I became interested in twelve-tone hexachordal combinatoriality after studying the works of Arnold Schoenberg. Wedges is my latest composition utilizing this approach. I’ve found it to be the most efficient way to cycle through the row and generate a consistent and convincing accompaniment part. It works particularly well in counterpoint.
I decided to share the score and recording on my blog because I thought perhaps music theorists would find it interesting to analyze. Besides hexachordal combinatoriality, there are a number of compositional tools packed into this piece. So, feel free to download and print the score. Here are some things to look for:
Wedges – You’ll find musical gestures converging on a single note from opposite directs in counterpoint.
“Champagne” is a rock/funk tune, which some have described as David Bowie meets The Commodores. This song was written, recording and mixed by Dr. David Mitchell, aka The Professor.
The song begins and ends with the sound of a champagne bottle being opened. It utilizes musique concrete techniques pioneered by Pierre Schaeffer and spatialization techniques inspired by Edgard Varese.
Click on your preferred streaming service below and check it out:
This is a video and song written for Callie, “My Little Hound Dog”. : ) She’s a rescue dog with a great big heart and a talent for catching frisbees. All proceeds go to Lifeline Animal Project. Adopt a dog today. Their goal is to #emptythecages by National Dog Day, August 26th! Share and Enjoy! Jennifer Jones Mitchell wrote the lyrics. Click on the picture below to check out the video!
Duende, an Italian guitar/piano duo featuring Donato D’Antonio (guitar) and Matteo Ramon Arevalos (piano) will perform “Lake Avondale” by Dr. David Mitchell on their tour of Italy and the US, which begins Friday, May 24th in Modeno, Italy.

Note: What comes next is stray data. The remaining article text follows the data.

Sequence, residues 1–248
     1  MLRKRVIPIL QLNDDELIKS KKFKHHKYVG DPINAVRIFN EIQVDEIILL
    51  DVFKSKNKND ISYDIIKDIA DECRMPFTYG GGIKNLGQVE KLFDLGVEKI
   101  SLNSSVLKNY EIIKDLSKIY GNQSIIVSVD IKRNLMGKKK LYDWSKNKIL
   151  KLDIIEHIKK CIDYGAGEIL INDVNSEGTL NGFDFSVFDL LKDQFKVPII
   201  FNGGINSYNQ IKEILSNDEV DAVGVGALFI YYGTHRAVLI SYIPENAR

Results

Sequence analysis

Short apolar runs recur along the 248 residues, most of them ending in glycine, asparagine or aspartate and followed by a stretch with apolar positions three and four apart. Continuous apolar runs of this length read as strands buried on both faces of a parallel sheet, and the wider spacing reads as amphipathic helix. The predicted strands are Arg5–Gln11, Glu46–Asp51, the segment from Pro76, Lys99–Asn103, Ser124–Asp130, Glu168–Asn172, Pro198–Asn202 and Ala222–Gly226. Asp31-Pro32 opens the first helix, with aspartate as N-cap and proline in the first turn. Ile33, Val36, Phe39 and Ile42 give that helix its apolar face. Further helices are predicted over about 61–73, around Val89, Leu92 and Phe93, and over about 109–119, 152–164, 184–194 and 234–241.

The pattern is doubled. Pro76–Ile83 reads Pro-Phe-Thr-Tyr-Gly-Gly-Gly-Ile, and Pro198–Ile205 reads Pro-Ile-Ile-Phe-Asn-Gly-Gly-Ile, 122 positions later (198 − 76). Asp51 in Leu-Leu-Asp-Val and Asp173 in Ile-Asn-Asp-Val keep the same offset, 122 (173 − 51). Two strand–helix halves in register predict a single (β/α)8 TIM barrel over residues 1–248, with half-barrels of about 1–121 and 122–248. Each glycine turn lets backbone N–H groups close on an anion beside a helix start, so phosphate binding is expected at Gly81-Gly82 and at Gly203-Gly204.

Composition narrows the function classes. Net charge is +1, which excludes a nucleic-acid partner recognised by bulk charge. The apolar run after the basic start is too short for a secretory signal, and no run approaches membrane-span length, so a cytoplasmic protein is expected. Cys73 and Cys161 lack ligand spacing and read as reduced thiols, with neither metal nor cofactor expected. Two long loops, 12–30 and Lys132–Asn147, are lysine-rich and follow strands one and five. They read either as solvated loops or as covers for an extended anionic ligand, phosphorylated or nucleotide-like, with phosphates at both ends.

“Angularities” has been published by Dorn Publications. It’s now available on Amazon. Click on the image below:
“Angularities”, written for Dr. Tammy Evans Yonce, explores rhythmic, harmonic and melodic angularities for glissando headjoint flute. Harmonically, this piece uses octatonic, chromatic, minor pentatonic and minor pitch collections moving between pitch centricities with rapid, angular trajectories. Angular leaps in the melody are contrasted by smooth, scalar passages leading to a mournful middle section in D minor. Rhythmic angularities are bound together through syncopated rhythmic motives creating a sense of continuity and forward momentum. In short, this piece dances through pitch centers, slides through emotional twists and leaves the listener tapping their toes.
Thought I’d share my demo reel, which I use for commercial gigs. It features work I did for The Coca-Cola Company, Hilton Hotels and a video game score for Cogent Education. There’s also a pop tune at the end for good measure. Enjoy!
If you’d like Dr. Mitchell to score your next commercial project, contact him at email@example.com
Tammy Evans Yonce will release her debut album soon. Dr. Yonce is a flutist and professor of music at South Dakota State University.
One of the tracks on Dreams Grow Like Slow Ice is my original composition, “Angularities”, for solo glissando-headjoint flute. I wrote this piece specifically for Dr. Yonce, and I’m honored that she has included on this CD. Looking forward to the release. You can preordered below.
“River Run” captures the spirit of a wild, white water rafting trip in the summer of 2017. My family and I took a guided tour down the Ocoee River, specifically a section built for the 1996 Olympic Games, which runs through the Ocoee Gorge in the Chattahoochee National Forest. It features the longest stretch of class III and IV rapids in the country. We had a great time, but the raft overturned throwing us into fast moving rapids with sharp rocks. We came out of it unscathed, but it was a harrowing experience none the less.
Xylophone and marimba create the feeling of swift currents underlying foreboding melodic contours. Splashy percussion sounds like waves crashing on rocks, while three distinct melodic themes represent specific rapids on the Ocoee.
“River Run” features progress tonality meaning it starts in the key of C Phrygian and ends in the key of G minor without returning to the original key. This technique was made popular in the 19th century by romantic composers including Mahler, Schubert, Chopin, Brahms and Mendelssohn.
Click on the photo below or here to watch the video.